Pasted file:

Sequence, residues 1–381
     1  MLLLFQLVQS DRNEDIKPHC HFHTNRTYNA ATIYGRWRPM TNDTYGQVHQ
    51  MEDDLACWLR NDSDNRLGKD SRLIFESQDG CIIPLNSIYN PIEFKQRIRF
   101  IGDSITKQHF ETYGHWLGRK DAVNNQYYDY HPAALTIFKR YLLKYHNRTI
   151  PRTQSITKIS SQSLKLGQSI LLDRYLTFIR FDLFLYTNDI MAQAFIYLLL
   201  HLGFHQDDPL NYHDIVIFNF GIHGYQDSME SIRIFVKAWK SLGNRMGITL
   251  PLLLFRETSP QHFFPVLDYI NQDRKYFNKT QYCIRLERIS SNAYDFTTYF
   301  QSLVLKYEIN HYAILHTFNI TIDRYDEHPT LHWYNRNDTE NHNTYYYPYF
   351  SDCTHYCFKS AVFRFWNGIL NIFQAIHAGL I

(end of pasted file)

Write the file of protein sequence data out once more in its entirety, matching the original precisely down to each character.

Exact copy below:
Sequence, residues 1–381
     1  MLLLFQLVQS DRNEDIKPHC HFHTNRTYNA ATIYGRWRPM TNDTYGQVHQ
    51  MEDDLACWLR NDSDNRLGKD SRLIFESQDG CIIPLNSIYN PIEFKQRIRF
   101  IGDSITKQHF ETYGHWLGRK DAVNNQYYDY HPAALTIFKR YLLKYHNRTI
   151  PRTQSITKIS SQSLKLGQSI LLDRYLTFIR FDLFLYTNDI MAQAFIYLLL
   201  HLGFHQDDPL NYHDIVIFNF GIHGYQDSME SIRIFVKAWK SLGNRMGITL
   251  PLLLFRETSP QHFFPVLDYI NQDRKYFNKT QYCIRLERIS SNAYDFTTYF
   301  QSLVLKYEIN HYAILHTFNI TIDRYDEHPT LHWYNRNDTE NHNTYYYPYF
   351  SDCTHYCFKS AVFRFWNGIL NIFQAIHAGL I